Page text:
Risk management in my opinion is probably one of the most important types of management of the 10 knowledge management areas. One thing I have noticed in my role from the surrounding areas I work with, is the pattern of ‘putting out fires’, and stopping performance to work on an urgent raised issue that must be addressed instantly. This can be eliminated by planning and controlling risks and issues that arise. Most ‘fires’ that come up, are risk and issues that have been noted long before, but not resolved or tracked. For example, I am working on Phase 2 (of 4) of rolling out a bank provider for students to make payment through a university for miscellaneous things such as orientation fee, events, and registration fees. When we began this project (when I was on maternity leave) they did not have project management support, and then they also had a very tight deadline to roll out the first phase which was the orientation fee, and other most important student payment portals, since their current bank provider contract was ending on X day, and they did little to prepare. From the start, our technical consultant noted the design and way the ERP was speaking to the bank was poorly done and hard coded, and would take about 100 hours of technical work to correct the hard code. Since we only had till X day, they had to execute the project the best they could, with workarounds in place. This was executed about 7 months ago and since then has caused so many hard coding errors such as duplication of ID numbers, duplication of payments, etc. We are in phase 2, which is rolling out the remaining payment portals in this manner, and then phase 3 will be to go back and correct them all the proper way. If the team would have had a project manager from the start, and would have noted and analyzed the risk of building out while hard coded, and not fixing the primary issue, we could have possibly saved tons of correction work. There is a process that I can practice with the team which will analyze the risk, gauge the severity, analyze worst possible scenarios, and set in place a plan to back out or restore if something goes wrong along the way.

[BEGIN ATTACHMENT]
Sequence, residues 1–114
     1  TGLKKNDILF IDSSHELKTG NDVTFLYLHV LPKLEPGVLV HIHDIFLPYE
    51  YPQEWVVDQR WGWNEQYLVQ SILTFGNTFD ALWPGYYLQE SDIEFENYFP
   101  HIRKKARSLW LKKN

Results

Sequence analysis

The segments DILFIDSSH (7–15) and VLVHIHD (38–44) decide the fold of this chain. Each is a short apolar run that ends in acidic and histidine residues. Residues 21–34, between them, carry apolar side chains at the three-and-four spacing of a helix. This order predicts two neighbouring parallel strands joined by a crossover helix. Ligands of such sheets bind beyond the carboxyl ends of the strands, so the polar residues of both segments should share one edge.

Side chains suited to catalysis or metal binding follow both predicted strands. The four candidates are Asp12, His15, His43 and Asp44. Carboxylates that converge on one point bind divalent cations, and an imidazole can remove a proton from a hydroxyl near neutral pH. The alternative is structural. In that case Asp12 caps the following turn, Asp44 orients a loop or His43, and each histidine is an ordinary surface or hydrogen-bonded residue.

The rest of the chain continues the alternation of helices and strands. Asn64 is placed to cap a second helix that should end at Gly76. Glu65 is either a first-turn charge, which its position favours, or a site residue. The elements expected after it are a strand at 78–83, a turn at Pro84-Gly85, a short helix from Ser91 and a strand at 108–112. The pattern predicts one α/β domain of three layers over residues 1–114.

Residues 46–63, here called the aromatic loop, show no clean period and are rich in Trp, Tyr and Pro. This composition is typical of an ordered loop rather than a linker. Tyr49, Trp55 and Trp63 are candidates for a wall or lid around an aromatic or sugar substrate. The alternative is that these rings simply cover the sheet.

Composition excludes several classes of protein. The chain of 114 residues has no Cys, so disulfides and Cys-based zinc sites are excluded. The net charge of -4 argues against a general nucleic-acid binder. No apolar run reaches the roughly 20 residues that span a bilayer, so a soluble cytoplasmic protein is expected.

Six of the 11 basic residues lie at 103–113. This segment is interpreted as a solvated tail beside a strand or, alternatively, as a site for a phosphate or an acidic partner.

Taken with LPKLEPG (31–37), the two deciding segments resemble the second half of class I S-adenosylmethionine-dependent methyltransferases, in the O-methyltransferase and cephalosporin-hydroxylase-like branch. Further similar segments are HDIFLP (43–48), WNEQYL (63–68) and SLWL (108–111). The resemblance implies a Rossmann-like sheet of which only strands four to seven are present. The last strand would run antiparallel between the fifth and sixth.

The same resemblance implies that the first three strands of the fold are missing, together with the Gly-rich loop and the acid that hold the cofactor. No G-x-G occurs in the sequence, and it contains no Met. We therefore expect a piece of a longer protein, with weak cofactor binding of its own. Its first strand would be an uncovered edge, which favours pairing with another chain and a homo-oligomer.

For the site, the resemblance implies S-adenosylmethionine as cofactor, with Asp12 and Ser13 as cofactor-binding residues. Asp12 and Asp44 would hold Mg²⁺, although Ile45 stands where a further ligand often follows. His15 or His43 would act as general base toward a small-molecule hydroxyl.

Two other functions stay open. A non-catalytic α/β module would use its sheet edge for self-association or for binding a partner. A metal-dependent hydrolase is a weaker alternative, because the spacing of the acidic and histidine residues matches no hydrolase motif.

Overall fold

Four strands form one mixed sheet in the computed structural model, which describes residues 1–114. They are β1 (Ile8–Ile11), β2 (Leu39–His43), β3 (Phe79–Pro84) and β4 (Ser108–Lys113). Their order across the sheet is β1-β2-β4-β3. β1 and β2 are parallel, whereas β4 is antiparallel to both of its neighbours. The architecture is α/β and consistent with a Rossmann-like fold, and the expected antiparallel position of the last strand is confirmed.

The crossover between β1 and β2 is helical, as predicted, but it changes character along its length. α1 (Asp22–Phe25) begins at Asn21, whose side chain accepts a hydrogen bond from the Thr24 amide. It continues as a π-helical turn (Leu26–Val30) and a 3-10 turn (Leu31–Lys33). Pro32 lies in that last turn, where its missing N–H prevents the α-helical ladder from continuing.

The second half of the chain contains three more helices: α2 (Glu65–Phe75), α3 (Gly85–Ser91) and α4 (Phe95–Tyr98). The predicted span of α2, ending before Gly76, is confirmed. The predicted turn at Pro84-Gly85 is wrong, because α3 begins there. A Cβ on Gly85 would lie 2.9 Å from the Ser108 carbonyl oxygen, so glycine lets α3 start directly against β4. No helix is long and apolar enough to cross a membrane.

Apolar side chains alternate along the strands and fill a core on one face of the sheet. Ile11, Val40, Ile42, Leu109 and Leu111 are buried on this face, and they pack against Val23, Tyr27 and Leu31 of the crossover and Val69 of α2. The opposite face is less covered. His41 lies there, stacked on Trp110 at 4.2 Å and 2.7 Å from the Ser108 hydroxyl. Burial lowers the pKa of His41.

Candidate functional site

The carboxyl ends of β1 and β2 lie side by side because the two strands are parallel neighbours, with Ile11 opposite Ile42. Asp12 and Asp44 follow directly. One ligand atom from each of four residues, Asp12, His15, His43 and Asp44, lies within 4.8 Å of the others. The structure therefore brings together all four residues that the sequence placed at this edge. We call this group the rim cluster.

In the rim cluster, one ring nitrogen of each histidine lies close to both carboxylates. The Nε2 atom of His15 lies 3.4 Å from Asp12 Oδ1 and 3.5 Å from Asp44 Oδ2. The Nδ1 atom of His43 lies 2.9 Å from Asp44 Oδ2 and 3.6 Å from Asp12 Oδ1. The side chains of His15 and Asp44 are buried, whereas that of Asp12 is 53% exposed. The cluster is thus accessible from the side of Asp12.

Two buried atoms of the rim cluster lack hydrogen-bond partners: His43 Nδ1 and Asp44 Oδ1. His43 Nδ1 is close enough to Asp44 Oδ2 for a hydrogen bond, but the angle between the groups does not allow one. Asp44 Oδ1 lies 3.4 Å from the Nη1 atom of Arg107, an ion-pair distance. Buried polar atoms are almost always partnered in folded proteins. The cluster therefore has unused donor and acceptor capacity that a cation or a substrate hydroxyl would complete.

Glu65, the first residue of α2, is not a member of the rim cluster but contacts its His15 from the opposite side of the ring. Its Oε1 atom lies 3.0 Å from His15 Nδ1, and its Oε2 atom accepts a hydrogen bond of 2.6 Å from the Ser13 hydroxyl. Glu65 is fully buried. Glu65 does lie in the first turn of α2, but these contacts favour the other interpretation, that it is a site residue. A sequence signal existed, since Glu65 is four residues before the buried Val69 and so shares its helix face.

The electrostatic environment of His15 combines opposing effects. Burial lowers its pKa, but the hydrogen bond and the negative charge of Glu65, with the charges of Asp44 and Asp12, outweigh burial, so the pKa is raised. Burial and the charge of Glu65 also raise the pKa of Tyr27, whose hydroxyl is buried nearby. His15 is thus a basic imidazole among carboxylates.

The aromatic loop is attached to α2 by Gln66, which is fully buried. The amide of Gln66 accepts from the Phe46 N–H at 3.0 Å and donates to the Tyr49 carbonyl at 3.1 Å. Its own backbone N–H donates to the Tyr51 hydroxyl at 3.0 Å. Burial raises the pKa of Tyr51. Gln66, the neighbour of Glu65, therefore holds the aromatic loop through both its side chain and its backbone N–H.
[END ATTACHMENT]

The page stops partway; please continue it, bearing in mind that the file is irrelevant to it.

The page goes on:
Schedule management is an art of its own. You’d be surprised how many hours can go into making a project schedule! If you rush this processing during planning, and do not communicate with the team, or do not break down the work, you can end up in a situation where your schedule is completely off and you end up using change control heavily and way off the original estimate. For example, I had done a separate bank implementation project with a client and we had a very hard time getting their time to meet and explain things, and it was more of a fire drill the whole time, learning as we went. This was early on into taking on a contract, so there were some trust issues with our team as well as some dysfunction and turnover in their department. They did not allow us in IT to communicate with the bank IT department to get more information for the project schedule, and they did not allow us to schedule weekly status meetings as they felt they did not have time. I had very little control over the situation and it was difficult to create an accurate timeline, which is an important knowledge area and part of project planning.